This is our free day. We take our time getting ready and eating breakfast round the large table with 3 other French couples, not understanding a word they said, but fun anyway.
We head out to the town of Longes Sur Mer to visit the German battery high above the beaches on the cliffs. The four concrete gun buildings were set in a semi circle for the maximum shooting range. This is the only German battery with the guns still intact, one bombed to bits on the ground. Ahead of the 4 guns was a concrete lookout at the edge of the cliff to give the gunners instructions where to fire along Utah and Omaha beaches.
After roaming the battery, we drive over to Arromanches, a small village atop the beach cliff overlooking Gold Beach where the British landed. After Gold beach was secured from the Germans, the allies towed in the mulberries to create an artificial harbor to bring in further supplies and men.
We then drove in to the town of Bayeux, with the town walking tour map in hand. As we started the walk, we noticed several good restaurants and decided to eat lunch at a creperie. We had ham, mushroom and cheese stuffed galettes, similar to a buckwheat pancake/crepe, very good. We continued with the walking tour which highlighted the 11th century Bayeux Cathedral. The cathedral was much bigger and more ornate than we anticipated for the town size of Bayeux. The walking tour also passed by the main shopping area, Town Park, and some very old residential areas with wood timbered houses.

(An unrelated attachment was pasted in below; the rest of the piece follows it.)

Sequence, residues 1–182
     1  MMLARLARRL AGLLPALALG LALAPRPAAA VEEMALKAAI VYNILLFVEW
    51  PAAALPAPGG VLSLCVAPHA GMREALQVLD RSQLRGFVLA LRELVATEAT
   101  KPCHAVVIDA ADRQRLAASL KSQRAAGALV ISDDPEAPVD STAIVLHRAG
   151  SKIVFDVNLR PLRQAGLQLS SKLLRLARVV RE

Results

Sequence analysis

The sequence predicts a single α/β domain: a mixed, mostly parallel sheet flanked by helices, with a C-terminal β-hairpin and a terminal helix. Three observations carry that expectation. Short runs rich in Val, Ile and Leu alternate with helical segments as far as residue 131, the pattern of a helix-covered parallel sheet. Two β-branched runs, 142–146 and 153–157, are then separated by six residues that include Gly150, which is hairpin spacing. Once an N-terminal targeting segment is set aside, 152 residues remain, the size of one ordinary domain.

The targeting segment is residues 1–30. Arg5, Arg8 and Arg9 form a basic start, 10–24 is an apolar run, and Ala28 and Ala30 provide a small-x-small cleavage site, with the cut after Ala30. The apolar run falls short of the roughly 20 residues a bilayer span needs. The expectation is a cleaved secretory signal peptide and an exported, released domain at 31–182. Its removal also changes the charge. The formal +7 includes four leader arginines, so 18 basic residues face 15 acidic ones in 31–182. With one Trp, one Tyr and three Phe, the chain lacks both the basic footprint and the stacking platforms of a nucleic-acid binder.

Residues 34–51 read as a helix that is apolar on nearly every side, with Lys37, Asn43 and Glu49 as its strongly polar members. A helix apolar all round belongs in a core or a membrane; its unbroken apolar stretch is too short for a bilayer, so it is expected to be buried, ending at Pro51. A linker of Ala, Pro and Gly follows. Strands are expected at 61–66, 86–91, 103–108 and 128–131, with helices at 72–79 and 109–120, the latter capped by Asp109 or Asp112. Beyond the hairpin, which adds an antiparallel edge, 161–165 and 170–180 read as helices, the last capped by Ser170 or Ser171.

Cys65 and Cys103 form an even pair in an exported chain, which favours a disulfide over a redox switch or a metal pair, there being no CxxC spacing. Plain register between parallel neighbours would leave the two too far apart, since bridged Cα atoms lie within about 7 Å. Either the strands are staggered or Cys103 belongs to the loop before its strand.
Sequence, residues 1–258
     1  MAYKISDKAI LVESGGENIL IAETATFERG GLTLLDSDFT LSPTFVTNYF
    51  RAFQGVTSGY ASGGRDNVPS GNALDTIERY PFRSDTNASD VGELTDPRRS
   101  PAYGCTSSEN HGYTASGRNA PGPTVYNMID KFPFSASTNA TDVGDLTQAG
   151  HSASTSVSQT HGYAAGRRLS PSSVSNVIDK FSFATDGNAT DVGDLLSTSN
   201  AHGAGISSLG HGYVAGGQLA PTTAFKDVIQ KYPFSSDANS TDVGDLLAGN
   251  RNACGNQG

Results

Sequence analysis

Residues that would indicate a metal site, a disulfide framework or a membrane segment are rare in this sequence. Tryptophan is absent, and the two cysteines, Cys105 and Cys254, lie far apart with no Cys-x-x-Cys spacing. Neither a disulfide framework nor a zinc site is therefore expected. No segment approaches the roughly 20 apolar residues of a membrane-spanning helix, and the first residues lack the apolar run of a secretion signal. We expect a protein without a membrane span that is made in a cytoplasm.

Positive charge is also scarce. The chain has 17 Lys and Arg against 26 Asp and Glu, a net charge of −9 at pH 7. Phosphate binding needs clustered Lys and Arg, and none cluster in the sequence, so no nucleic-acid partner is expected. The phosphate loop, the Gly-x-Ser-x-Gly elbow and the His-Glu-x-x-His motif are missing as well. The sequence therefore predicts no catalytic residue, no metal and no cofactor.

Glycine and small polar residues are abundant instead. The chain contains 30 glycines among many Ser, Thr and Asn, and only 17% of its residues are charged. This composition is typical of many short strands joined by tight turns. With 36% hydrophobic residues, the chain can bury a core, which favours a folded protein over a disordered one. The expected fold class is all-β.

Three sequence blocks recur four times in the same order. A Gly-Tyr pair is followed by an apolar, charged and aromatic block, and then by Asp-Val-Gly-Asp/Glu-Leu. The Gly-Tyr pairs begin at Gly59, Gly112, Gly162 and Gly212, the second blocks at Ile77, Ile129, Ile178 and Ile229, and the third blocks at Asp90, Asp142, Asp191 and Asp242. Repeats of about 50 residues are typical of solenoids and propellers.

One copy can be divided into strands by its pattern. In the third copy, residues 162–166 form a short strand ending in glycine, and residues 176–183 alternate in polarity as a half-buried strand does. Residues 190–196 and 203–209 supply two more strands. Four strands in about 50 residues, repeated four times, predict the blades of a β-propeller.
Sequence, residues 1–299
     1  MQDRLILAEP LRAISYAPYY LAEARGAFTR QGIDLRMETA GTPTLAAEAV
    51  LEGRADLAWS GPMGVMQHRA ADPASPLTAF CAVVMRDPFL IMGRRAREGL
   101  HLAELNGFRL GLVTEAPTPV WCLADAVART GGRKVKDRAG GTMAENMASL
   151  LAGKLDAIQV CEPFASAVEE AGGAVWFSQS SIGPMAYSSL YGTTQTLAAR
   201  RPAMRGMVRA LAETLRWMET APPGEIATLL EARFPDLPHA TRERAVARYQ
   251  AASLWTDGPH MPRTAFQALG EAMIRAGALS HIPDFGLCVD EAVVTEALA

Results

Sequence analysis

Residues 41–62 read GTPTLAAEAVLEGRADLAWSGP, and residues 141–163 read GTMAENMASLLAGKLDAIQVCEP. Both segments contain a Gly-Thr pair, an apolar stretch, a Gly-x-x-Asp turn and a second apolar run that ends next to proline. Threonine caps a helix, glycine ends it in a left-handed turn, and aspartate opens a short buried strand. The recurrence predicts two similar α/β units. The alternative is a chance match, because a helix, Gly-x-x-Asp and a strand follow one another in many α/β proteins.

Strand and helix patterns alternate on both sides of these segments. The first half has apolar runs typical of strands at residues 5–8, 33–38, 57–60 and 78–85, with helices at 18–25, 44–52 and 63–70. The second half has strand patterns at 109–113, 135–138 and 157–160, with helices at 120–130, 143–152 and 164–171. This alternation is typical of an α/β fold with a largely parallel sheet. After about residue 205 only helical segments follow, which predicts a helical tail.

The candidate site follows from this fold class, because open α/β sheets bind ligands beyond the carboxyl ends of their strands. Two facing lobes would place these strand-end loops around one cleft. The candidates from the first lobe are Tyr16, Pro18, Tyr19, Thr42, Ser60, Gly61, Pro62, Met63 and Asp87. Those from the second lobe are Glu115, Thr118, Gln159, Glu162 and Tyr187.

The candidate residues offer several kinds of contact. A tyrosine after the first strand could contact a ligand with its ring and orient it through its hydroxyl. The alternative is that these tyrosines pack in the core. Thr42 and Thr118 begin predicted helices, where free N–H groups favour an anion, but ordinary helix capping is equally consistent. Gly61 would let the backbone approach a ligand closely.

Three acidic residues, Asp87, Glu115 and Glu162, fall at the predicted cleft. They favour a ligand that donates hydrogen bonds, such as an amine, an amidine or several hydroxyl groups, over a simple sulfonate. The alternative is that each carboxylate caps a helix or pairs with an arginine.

Time for an ice cream cone, and as we savior the delicious cream we notice It tastes so different than ice cream in the US. The cows must feed on excellent grasses.
We decide to go back to the Pointe du Hoc from our BattleBus tour from yesterday. Terry felt rushed only given a half hour to see all the area and wanted to investigate more of the buildings. We took the scenic coast road through several small villages and very narrow roads, nearly missing corners of homes as you pass by. We walked around the very cold and windy Point du Hoc, Terry took tons of photos and made sure he saw every little nook and cranny of bombed bits of twisted metal and concrete. (SEE PART 2 FOR THE COMPLETE PHOTOS I TOOK DURING THE 2 DAYS OF EXPLORING Pointe du Hoc)
Driving back to the B&B, we notice that all the small towns look alike. Every home, building, and wall is built with the identical centuries old white stone, and no other decorations of color on the house itself. The color comes from the gardens and flowers. The Norman’s are simple people who seam to shun physical wealth and are perfectly happy with their spartan lifestyles. In fact, our tour guide Allan explained that when the Germans took over all the beachside homes along Omaha, blowing some up for artillery sighting, the Norman’s welcomed it. Seems wealthy Parisians as vacation homes owned the beachfront homes.
Exhausted but happy with our days so far, tomorrow will be another long, good day.